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|Title:||Cybernetic Control of an Electrochemical Repertoire (Potentiostat, Instrumentation, Adsorption)|
|Department / Program:||Chemistry|
|Degree Granting Institution:||University of Illinois at Urbana-Champaign|
|Abstract:||Many experimental methods have been developed to attack different problems by electrochemical means. In chemical analysis, sensitivity and selectivity may be achieved by using different methods. The availability of multiple techniques is even more important in fundamental research. Diagnostic conclusions usually can be drawn only after observations from many different angles.
This thesis describes the design and application of a cybernetic potentiostat. Over twenty different electrochemical methods have been implemented in its electrochemical repertoire. The system also supplies extremely flexible control and a variety of data processing and display functions. The hardware comprises a potentiostat, a computer system, and some proper interfaces. All function generation, data acquisition and signal processing steps are accomplished by software.
An important feature of the instrument is a provision for automatic compensation of cell resistance. Through software, the system first makes an actual measurement of uncompensated resistance in the cell; then it decides the maximum degree of compensation that can be prudently attained by positive feedback. The decision is made on the basis of a stability test of the potentiostat system. Stabilizing elements can also be switched into the feedback loop if necessary. The potentiostat is never allowed to break into oscillation; nonetheless, full compensation is often possible.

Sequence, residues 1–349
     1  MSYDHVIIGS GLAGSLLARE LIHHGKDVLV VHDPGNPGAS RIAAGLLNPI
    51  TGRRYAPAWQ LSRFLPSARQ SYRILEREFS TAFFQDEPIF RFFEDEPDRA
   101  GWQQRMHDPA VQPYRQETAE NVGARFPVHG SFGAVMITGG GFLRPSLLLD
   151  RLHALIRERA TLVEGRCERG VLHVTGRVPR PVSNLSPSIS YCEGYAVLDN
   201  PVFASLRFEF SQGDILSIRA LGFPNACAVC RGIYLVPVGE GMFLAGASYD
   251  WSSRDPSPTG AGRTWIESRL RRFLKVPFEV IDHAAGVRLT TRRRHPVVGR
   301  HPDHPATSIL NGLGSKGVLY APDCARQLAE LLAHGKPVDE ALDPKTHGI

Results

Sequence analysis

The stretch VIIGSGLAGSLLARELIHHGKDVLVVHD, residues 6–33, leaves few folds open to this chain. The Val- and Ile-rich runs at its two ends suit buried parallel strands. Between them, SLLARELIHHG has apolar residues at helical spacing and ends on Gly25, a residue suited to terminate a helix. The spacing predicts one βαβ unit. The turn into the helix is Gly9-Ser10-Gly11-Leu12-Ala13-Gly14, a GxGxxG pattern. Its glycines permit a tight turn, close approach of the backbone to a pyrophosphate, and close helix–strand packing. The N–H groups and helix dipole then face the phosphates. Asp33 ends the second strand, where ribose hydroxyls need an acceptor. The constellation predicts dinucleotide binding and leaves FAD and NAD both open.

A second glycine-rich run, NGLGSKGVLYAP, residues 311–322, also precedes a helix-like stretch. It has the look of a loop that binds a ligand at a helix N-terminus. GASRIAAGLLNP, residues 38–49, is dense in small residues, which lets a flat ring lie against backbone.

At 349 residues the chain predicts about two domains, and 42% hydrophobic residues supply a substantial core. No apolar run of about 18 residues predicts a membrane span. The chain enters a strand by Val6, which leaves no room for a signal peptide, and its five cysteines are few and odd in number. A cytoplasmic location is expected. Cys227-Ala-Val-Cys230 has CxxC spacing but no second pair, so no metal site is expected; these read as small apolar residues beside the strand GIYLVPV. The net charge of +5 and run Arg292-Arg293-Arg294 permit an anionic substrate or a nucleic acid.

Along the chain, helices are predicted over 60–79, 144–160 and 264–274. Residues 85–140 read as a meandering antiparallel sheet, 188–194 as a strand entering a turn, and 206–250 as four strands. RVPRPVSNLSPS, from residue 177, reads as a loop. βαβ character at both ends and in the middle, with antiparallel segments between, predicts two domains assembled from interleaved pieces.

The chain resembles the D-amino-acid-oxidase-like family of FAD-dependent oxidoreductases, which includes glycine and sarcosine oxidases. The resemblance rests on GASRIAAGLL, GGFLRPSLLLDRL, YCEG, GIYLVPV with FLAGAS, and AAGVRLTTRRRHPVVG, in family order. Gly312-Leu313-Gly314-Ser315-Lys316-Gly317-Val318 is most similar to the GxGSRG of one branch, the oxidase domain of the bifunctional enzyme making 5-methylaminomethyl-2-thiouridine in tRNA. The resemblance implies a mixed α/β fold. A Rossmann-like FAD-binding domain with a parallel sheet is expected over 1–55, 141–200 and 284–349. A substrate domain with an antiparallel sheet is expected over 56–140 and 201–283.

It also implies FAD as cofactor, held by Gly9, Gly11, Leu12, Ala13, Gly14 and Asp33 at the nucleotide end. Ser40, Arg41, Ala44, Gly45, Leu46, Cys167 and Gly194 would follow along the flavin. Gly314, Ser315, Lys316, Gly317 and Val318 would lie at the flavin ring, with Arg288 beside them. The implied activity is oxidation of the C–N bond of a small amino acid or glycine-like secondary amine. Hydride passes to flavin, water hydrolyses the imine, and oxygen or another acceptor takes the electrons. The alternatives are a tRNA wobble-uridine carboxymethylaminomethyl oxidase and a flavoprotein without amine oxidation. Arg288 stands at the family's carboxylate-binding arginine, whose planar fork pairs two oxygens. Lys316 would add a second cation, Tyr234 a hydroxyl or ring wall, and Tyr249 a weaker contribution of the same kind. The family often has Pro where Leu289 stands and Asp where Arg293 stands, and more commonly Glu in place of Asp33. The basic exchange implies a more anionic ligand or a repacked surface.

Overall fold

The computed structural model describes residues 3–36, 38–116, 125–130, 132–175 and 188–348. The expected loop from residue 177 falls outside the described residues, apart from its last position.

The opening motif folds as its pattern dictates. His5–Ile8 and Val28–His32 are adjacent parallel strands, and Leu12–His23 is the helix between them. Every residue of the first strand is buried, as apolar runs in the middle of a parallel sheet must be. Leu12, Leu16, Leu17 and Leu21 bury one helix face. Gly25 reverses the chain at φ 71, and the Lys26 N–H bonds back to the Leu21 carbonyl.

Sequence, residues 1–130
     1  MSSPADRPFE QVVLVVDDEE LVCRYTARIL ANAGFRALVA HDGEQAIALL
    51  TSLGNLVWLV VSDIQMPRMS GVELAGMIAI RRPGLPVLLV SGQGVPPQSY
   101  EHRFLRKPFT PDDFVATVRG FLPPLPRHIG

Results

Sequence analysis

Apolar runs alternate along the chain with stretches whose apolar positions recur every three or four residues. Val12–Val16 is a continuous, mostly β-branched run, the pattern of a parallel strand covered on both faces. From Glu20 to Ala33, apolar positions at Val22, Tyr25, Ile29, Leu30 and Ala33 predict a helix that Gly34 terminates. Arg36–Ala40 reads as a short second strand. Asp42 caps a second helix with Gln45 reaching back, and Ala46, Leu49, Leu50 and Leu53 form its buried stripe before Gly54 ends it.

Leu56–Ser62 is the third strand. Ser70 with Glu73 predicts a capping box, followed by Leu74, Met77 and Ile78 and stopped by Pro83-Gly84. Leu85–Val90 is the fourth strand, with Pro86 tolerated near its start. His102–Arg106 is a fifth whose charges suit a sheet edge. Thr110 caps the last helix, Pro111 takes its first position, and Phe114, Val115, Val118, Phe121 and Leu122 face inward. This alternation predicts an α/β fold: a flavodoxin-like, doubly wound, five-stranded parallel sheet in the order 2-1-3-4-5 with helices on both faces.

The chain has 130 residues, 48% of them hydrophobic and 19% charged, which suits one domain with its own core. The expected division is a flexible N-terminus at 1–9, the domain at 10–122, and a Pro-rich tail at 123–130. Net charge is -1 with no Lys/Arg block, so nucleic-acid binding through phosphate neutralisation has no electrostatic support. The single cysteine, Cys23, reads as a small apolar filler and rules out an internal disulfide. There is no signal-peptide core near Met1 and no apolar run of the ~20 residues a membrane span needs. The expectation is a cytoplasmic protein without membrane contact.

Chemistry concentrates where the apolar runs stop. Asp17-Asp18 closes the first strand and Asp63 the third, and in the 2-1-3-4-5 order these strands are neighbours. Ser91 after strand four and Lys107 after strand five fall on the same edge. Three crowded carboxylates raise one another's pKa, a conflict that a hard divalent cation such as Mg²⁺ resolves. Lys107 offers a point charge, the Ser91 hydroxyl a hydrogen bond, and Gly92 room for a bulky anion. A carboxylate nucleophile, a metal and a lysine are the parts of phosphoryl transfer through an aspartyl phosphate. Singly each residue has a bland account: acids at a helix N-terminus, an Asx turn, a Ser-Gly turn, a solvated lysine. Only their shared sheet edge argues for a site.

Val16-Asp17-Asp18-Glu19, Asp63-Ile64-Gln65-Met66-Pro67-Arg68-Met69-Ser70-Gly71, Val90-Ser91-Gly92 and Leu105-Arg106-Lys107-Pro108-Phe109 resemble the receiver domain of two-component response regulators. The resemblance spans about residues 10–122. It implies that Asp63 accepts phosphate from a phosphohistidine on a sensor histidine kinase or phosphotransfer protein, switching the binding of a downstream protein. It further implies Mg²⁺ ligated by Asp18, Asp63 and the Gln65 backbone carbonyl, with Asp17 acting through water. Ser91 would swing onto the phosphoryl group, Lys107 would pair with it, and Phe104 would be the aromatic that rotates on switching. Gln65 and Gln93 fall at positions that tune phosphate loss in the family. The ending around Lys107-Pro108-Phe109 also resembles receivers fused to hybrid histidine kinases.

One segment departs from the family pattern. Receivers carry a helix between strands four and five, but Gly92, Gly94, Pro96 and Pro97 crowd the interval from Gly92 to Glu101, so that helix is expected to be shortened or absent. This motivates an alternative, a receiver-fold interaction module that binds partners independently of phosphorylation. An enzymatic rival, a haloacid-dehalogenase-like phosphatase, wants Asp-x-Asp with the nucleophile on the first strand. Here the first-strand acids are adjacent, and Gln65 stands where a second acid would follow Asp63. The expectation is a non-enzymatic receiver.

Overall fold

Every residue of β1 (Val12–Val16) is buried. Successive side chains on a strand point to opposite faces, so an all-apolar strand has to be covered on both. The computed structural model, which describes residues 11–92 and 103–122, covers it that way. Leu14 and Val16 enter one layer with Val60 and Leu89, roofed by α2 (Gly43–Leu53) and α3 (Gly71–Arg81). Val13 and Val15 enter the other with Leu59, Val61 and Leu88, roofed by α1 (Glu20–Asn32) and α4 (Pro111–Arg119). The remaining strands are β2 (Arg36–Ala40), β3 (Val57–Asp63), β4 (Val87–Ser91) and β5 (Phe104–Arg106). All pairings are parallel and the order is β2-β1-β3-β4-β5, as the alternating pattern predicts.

An example of the application of the cybernetic potentiostat in electrochemical research is the study of adsorption of sulfonated anthraquinones (AQS) at a mercury electrode. The adsorption behavior of AQS has been carefully examined. A noticeable phenomenon is an extremely sharp and narrow current spike which is superimposed on the adsorption prewave. It is believed that the spike originates from the stabilization of the adsorbed product, after the reorganization of the adsorbed species on the surface of the electrode at a favorable potential. The stabilization may be due to intermolecular hydrogen bonding between hydroquinone groups and sulfonate groups.
Thesis (Ph.D.)--University of Illinois at Urbana-Champaign, 1985.
|Date Available in IDEALS:||2014-12-15|